The P0320 code is an ignition-related fault code, and is relatively common. P0320 It indicates that your car’s distributor/ignition engine speed circuit is not working properly.
This fault is probably caused by the engine speed sensor or a wiring problem. A good diagnosis will give you the information necessary to make the correction.
Ignition Timing Control Operation
Manufacturers make practical use of the electromagnetic crankshaft position sensor in two divergent ways.
Each of these designs uses a reluctor ring or teeth that are attached to the crankshaft to disrupt the stationary electromagnetic CSP sensor area. In turn, this produces what the PCM explains is a square wave pattern.
Such interruptions tell the PCM the exact location of the crankshaft.
The first designed approach is when the PCM only uses the crankshaft position to check for misfires and does not perform a critical check for spark or ignition timing.
Engine control systems may allow the engine to start and run when this type of system is used, even though a crankshaft position circuit may fail, but engine performance and fuel economy are susceptible to suffer.
A malfunction indicator light may not come on until many failed attempts are recorded with this type of system.
The second system is designed This is when the PCM uses the crankshaft position to measure spark timing and ignition control.
A crankshaft position sensor that is failing within this system design will typically face a no-start configuration, where a trouble code is stored instantly and a service engine light illuminates when the first failure occurs.
Many specialized tools will be needed to successfully diagnose this code. These tools can be a scanner, a digital volt/ohmmeter, and even an oscilloscope.
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What Is Code P0320
Almost all modern vehicles use individual coil packs which are controlled by the PCM powertrain control module and not a distributor.
Your car’s PCM uses data from the engine speed sensor to determine when to fire each cylinder individually.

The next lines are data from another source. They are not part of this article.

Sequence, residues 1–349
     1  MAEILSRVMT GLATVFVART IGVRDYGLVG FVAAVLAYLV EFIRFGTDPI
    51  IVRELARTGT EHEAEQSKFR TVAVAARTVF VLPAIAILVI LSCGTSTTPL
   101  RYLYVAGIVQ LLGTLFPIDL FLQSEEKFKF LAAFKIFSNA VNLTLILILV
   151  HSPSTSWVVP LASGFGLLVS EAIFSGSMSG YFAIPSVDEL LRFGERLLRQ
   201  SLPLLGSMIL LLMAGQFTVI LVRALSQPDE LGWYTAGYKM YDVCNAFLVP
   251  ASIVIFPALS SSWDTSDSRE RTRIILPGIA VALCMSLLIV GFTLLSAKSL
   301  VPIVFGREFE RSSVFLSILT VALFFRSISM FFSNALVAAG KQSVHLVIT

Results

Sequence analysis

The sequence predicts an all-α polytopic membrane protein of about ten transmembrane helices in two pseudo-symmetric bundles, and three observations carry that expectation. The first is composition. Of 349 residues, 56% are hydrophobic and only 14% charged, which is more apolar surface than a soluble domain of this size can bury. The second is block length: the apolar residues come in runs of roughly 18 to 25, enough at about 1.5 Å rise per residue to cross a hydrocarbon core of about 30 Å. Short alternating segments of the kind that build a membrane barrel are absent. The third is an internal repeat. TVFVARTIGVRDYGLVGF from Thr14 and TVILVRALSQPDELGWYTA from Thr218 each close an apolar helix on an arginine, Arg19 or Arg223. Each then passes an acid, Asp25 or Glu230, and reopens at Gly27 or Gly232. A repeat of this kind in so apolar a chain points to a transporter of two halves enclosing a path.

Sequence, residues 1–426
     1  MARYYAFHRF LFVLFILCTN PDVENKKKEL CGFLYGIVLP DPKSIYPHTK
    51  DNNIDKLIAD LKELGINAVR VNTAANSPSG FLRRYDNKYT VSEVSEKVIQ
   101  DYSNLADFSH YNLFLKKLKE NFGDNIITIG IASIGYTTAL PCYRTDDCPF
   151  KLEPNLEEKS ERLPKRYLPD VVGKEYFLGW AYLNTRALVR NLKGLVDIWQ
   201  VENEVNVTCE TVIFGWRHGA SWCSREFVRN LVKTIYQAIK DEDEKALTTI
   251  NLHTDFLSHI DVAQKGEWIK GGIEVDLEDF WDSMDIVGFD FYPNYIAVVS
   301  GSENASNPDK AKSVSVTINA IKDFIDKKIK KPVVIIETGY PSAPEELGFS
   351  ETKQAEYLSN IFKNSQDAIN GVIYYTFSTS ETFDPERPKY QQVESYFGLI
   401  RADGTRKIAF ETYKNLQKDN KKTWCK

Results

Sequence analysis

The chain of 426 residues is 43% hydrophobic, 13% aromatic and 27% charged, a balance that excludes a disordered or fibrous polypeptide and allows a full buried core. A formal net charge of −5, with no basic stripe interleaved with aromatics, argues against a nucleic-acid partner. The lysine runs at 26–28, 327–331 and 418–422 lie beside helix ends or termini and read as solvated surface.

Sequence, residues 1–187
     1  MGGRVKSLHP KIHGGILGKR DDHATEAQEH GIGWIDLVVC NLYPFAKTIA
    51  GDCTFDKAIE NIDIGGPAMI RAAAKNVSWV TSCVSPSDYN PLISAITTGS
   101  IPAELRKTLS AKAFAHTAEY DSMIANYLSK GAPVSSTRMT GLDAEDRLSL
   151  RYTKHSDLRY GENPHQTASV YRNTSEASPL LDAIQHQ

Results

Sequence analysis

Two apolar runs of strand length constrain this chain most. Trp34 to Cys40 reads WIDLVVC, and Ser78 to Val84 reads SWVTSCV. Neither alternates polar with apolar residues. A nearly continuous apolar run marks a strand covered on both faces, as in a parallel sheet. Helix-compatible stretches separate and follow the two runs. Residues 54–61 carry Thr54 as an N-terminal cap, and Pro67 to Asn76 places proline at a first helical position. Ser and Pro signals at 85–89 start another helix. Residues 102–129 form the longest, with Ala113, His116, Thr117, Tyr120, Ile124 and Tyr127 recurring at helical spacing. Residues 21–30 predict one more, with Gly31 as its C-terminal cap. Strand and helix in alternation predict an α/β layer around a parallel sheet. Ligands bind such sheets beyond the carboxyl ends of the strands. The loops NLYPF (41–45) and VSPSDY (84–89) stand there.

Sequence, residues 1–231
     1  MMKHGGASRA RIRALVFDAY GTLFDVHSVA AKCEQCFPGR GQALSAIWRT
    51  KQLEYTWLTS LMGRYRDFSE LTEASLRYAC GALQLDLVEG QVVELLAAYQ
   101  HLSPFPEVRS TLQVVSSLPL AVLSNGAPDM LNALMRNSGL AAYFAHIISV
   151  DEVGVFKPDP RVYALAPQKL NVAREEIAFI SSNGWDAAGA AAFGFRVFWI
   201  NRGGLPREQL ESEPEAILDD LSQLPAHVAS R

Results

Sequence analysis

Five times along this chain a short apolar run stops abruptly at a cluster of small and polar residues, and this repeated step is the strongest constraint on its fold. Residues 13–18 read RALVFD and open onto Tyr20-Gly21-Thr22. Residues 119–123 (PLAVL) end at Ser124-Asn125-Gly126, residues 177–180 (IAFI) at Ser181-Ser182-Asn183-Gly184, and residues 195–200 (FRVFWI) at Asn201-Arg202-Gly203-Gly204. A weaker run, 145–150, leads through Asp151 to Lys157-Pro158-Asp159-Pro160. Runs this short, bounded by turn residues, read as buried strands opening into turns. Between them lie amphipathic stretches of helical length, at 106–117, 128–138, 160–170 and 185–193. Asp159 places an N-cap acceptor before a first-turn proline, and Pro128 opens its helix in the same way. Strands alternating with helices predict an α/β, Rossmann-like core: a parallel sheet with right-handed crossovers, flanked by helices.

Depending on the year and type of engine, the engine speed sensor may be a camshaft position sensor, crankshaft position sensor, pick-up coil sensor, or even a dedicated sensor to check when the throttle has fired. coil.
If any of these sensors that control ignition timing are not working properly, it can cause the PCM to have trouble firing the spark plugs at the right time, and P0320 will be stored in your car’s memory.
Causes of Code P0320
These are the most common causes that exist in the code P0320:
- Engine malfunction.
- Ignition failure status.
- Low-power battery.
- Faulty crankshaft position sensor.
- Poor or corroded crankshaft position sensor cables and/or corroded connectors.
- Defective camshaft position sensor.
- Defective or corroded camshaft position sensor cable and/or connector.
- Poor distributor/ignition engine speed sensor.
- Corroded or shorted distributor/ignition engine speed sensor wire or connector.
Symptoms of Code P0320
We show you some symptoms of the P0320 code below:
- The Check Engine light on your dashboard activates.
- Difficult cold starting.
- Engine delayed or stalled.
- The engine fails and does not start again.
Diagnostic Code P0320
Let’s see the detailed steps to make a good diagnosis
Perform a visual inspection
- Begin your diagnosis with a visual inspection of all cables and connectors.
- Tighten or restore any damaged, disconnected, shorted, or corroded wiring, connectors, and automotive parts as necessary.
- After all repairs are completed, inspect the system to make sure everything is working properly.
- If all system wiring, connectors, and car parts, including fuses, appear to be in normal performance sequence, it is time to connect the scanner.
Connect the scanner to your car
- Connect the scanner or code reader to the diagnostic connector document all codes and freeze frame data that are stored.
- This data can be extremely useful in diagnosing irregular configurations that could have provided this exact stored code.
- Continue the operation by erasing the code and running the vehicle to determine if the code returns.
- This process will help determine if the malfunction is intermittent or permanent.
- If the code fails to return instantly, the setup may be intermittent.
- Intermittent settings have proven to be very difficult when making a diagnosis and in radical situations, the process can be allowed to worsen before a proper diagnosis can be made.
Perform electrical tests on the system
- When an irregular configuration occurs, you can make effective use of the oscilloscope to examine waveforms produced by the distributor, camshaft, and/or crankshaft sensors, while looking for errors or discrepancies.
- A practical starting point for making a feasible crankshaft position sensor diagnosis is to detect an engine RPM signal when starting or running the engine.
- It accomplishes this by using a scanner or by looking at the vehicle’s tachometer while cranking the engine, using the starter or running motor, which is based on the design of the CPS system.